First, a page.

A man feuding with township officials in Pennsylvania's Pocono Mountains over living conditions at his ramshackle, trash-filled property killed three people at a municipal meeting — including at least one town official — in a rampage that blew holes through the walls and sent people crawling for cover, authorities said.
The gunman, identified as 59-year-old Rockne Newell, randomly fired shots Monday night as he barged into the meeting, authorities said. He left long enough to get another weapon from his car and continued firing upon returning until he was tackled by at least one person and shot with his own gun, police and witnesses said.
"I heard more than 10 shots," Pocono Record reporter Chris Reber said in a first-person account. "It was automatic, like a string of firecrackers."
The shooting, which injured at least two other people, happened during Ross Township's monthly meeting, Monroe County emergency management director Guy Miller said. State police said 15 to 18 people were at the building, a short drive from Newell's property, when the gunfire erupted.
Two people died at the scene, and a third person died after being flown to a hospital. Police confirmed that at least one of the dead was a township official but gave no details. A fourth person was undergoing surgery late Monday for undisclosed injuries.
State police said Newell had a long-running dispute with township officials over the dilapidated property. He said he lived on Social Security and could not afford to clean it.
Reber said he was at the township building Monday night when a man armed with a long gun with a scope shot through a wall into the meeting.
"The thing that got my attention: plaster flying out, blowing out through the walls. Witnesses would later tell me they saw pictures exploding away from the walls," Reber said in his account told to his editors, Marta Gouger and Chris Mele.
He said he crawled out to a hallway, exited the building and took cover behind a vehicle.
"It wasn't real to me until I went back inside and saw people bleeding."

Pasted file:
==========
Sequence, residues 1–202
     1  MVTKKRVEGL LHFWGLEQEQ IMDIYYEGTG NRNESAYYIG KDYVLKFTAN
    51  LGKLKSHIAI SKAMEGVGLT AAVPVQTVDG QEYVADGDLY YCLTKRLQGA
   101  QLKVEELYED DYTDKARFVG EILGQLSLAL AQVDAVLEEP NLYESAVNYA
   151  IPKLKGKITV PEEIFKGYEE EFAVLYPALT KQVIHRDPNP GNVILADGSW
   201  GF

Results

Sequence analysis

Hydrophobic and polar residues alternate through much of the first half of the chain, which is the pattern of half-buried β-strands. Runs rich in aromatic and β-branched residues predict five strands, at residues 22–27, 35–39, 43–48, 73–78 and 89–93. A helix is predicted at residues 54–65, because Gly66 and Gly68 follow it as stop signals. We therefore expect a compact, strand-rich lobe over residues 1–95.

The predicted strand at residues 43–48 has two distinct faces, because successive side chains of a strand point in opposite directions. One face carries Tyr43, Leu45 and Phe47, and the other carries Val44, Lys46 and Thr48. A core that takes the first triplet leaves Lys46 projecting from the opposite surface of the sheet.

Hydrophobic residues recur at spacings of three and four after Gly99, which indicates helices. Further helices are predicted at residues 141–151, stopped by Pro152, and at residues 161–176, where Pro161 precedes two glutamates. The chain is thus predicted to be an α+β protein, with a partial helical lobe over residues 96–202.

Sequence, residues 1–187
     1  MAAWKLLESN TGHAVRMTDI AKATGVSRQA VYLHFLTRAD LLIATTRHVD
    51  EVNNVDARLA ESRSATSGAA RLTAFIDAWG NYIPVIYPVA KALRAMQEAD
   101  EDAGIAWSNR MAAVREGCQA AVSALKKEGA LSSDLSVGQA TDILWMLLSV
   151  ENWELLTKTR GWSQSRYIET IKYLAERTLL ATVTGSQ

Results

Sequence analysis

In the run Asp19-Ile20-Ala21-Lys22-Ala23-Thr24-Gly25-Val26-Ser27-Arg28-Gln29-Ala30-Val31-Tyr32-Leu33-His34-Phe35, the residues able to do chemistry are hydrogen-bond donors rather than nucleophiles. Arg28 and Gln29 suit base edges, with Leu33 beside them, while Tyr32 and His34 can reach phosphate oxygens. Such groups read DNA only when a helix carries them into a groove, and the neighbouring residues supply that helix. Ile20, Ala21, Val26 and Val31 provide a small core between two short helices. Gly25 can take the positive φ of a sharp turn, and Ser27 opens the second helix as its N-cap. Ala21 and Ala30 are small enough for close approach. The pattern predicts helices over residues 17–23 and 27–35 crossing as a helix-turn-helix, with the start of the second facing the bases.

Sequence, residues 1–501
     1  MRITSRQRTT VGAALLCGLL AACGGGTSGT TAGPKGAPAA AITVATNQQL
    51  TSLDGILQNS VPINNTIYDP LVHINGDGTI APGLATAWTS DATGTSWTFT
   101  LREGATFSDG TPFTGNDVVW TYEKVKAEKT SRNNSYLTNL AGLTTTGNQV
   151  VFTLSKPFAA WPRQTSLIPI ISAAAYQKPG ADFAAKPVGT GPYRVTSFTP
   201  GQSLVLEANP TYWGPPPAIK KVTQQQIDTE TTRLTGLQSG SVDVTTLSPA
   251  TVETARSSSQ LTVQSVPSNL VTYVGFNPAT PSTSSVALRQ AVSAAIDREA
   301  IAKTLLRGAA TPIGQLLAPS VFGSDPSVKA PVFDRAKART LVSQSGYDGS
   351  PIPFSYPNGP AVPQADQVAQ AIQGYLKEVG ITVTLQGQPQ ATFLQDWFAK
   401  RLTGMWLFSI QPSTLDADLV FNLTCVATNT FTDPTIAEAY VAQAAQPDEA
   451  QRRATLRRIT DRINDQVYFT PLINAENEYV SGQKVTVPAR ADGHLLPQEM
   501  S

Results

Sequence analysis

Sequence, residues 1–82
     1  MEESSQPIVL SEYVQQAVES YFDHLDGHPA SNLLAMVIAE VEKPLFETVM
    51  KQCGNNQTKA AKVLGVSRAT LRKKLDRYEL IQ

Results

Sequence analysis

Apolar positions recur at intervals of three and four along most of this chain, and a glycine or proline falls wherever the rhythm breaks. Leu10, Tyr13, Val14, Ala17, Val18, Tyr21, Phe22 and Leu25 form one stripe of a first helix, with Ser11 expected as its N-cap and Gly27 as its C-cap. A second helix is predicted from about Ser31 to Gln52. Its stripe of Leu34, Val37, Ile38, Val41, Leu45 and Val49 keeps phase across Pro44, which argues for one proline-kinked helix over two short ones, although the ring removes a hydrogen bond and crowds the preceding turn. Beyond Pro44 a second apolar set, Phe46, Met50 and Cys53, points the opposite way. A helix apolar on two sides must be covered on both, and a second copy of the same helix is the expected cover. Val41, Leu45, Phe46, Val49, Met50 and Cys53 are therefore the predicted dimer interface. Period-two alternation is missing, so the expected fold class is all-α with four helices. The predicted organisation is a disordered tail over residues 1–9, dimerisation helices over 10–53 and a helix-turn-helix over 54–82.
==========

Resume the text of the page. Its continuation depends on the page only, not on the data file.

A local official at the meeting grabbed the shooter and subdued him, Reber said.
"(West End Open Space Commission executive director) Bernie Kozen bear-hugged the gunman and took him down," Reber said. "He shot the shooter with his own gun."
State police said they believed two people may have subdued the gunman, who was shot in one of his legs. They did not say who the second person was.
Rep. Matt Cartwright, who represents the area, said he was "stunned and appalled at the atrocities that claimed the lives of innocent citizens in Ross Township." He said he had heard about what Kozen did to prevent more bloodshed.
"Mr. Kozen is a true hero tonight," Cartwright said in an email.
Kozen's wife, reached by telephone at their home Monday night, said he wasn't there.
Newell's property includes an old camper in the front yard filled with wooden pallets, pieces of what appear to be old railroad ties and trash. A garage leans and appears close to collapse, and a propane tank sits inside an old dog house.
Township supervisors voted in February 2012 to take legal action against Newell for violating zoning and sewer regulations, according to meeting minutes posted online.
Last October, Newell set up a fundraising page online and was trying to raise $10,000 to pay for legal fees in his fight with the township.
"Ross township took me to court & the court ruled I have to vacate my home of 20 years," he wrote on the page called saveRockyshome. "I live on SSI which comes to $600 a month I have no money to clean it up."
State police, who guarded the property early Tuesday, were awaiting a search warrant so they could enter it.
In June, the Pocono Record wrote a story about what it said was an 18-year fight between the township and Newell over his property.
Monroe County Court sided with the township in August 2012 and ordered Newell to vacate and never again occupy or use the property unless he had the permits to do so. The report said Newell had been living out of a car, a 1984 Pontiac Fiero, and in abandoned buildings since being ordered to vacate.
Newell told the paper he was unemployed for years after an injury from a crash and had nowhere else to go.
"They have no right to kick me off my property," he told the newspaper. "They call my property an eyesore. When I bought it, it was one of only three properties on the entire road that didn't have what they call junk."
Newell was in police custody after being treated at the hospital Monday night and couldn't be reached for comment. There was no telephone number listed for his property.
Associated Press writer Michael Rubinkam and photographer Chris Post contributed to this report.
Copyright 2013 The Associated Press.